England's "not wanting them, not caring about them".
The allocation of £40,000 showed that
they were valued. It would aid work at the "cutting edge of
ministry and mission" with "some of the most marginalised and
alienated people in our country".
The Church benefited from including
people of all backgrounds, and was weakened by excluding them.
Peter Smith (St
Edmundsbury & Ipswich) asked for clarification about the
pooling among dioceses of the additional maintenance grants given
to married students and some single students; and what made some
dioceses make a contribution to pooling while others received funds
The Revd Stephen
France (Chichester), a member of the Archbishops'
Council's finance committee, said: "While the finance of the Church
of England might not be the most exciting part of Christian
ministry, it underpins all that the C of E is able to do." He hoped
that Synod members "will be reassured that, in these difficult
times, the Finance Committee has its eyes firmly on the ball".
Berry (Chester) questioned whether the cost and
effectiveness of the Church's training provision was being "pursued
as sharply as it can". He called for £250,000 to be spent on
research and development of a new software suite to deliver an
electronic distance-learning facility to help deliver
pre-ordination, ordination, and post-ordination training, and the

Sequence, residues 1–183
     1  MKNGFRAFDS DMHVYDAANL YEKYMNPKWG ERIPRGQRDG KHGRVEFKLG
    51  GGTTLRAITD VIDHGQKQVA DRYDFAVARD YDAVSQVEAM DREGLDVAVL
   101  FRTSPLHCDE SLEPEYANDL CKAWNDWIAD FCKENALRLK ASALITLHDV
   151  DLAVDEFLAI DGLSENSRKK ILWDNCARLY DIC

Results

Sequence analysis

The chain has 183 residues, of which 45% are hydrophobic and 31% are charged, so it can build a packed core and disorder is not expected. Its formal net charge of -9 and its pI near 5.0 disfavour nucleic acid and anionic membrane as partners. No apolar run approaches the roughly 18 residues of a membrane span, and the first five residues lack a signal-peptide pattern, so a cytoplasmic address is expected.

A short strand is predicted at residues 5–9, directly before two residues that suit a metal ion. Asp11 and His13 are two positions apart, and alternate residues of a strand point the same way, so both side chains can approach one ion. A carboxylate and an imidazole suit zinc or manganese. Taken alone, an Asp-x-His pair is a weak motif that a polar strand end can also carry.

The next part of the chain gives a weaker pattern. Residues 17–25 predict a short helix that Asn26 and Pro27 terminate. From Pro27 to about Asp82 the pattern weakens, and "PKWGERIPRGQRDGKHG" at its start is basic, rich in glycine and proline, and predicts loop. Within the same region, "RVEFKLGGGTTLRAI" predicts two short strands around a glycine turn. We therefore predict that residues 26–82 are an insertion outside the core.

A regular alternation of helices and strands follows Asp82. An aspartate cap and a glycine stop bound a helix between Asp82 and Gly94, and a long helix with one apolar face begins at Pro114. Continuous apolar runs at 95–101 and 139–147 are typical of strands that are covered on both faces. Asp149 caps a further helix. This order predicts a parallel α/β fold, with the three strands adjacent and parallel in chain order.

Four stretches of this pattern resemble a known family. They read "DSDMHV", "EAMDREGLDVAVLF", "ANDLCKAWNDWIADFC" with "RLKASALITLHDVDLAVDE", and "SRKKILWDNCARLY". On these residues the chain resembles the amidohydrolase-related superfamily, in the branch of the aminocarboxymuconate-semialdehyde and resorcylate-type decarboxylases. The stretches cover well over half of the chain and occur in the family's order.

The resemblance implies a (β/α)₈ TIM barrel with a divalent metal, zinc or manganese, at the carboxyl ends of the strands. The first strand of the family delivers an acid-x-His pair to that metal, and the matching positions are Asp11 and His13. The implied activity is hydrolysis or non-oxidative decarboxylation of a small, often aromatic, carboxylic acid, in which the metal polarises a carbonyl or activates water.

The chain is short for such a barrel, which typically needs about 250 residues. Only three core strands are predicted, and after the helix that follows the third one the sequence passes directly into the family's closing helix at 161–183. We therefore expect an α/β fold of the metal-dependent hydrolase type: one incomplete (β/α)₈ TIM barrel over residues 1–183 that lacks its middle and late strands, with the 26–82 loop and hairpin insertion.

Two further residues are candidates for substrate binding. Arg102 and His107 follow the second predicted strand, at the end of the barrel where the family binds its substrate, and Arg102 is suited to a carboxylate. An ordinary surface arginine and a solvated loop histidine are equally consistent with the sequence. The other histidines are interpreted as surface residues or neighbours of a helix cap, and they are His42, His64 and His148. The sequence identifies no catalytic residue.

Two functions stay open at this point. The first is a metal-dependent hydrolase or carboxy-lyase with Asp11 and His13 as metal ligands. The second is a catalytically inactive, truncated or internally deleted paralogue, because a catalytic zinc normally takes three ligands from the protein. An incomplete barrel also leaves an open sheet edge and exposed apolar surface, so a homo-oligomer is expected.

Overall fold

continued professional development of the clergy.
The Revd Eva McIntyre
(Worcester), thanked the Council for an increase in the budget for
work with people with disabilities, but urged that, when the next
budget was produced, the Council be minded to consider that "we are
an area that deserves another increase."
(Carlisle), president of Crosslinks, gave thanks for the "vision"
of the Synod in carrying an amendment to support the pension
contributions of clergy working in mission agencies, which, he
said, was "invaluable".
(Liverpool) asked whether "we have any idea of the effects coming
through of the 50 per cent cap," and of "the advantages accrued so
far from the inter-diocesan training for clergy and Readers
(Lichfield) said that it was "alarming" that some dioceses were
"accepting money and not accounting for it". Dioceses should be
"more accountable for ministry and mission", she said.
Mr Britton responded to the questions.
He acknowledged concerns about the cost of training and the small
size of colleges and training institutions. The cheapest way to
deliver education was undoubtedly in "larger units", but the House
of Bishops believed "that diversity in terms of tradition is
something to be preserved, and that is the essential reason the
units are sometimes small".
Mr Britton said that "considerable
emphasis" had been put on distance-learning in negotiations with
Durham University to validate ordination training. On the question
of the proper stewardship of money, Mr Britton said that he wanted
from dioceses a full account of how money was spent.
The budgets were approved for:
training for ministry (£12,559,340); national support
(£10,636,428); grants and provisions (£1,284,774); mission
agencies' clergy-pension contributions (£644,986); and the CHARM
The Synod went on to approve the
Archbishops' Council's proposals (set out in the Table of
Apportionment in GS1872) for the apportionment among the dioceses
of the net sum to be provided by them to meet the expected
expenditure shown in the Council's budget for 2013; and the
Council's proposals (set out in the same table) for the pooling
adjustment for 2013 in respect of additional maintenance grants for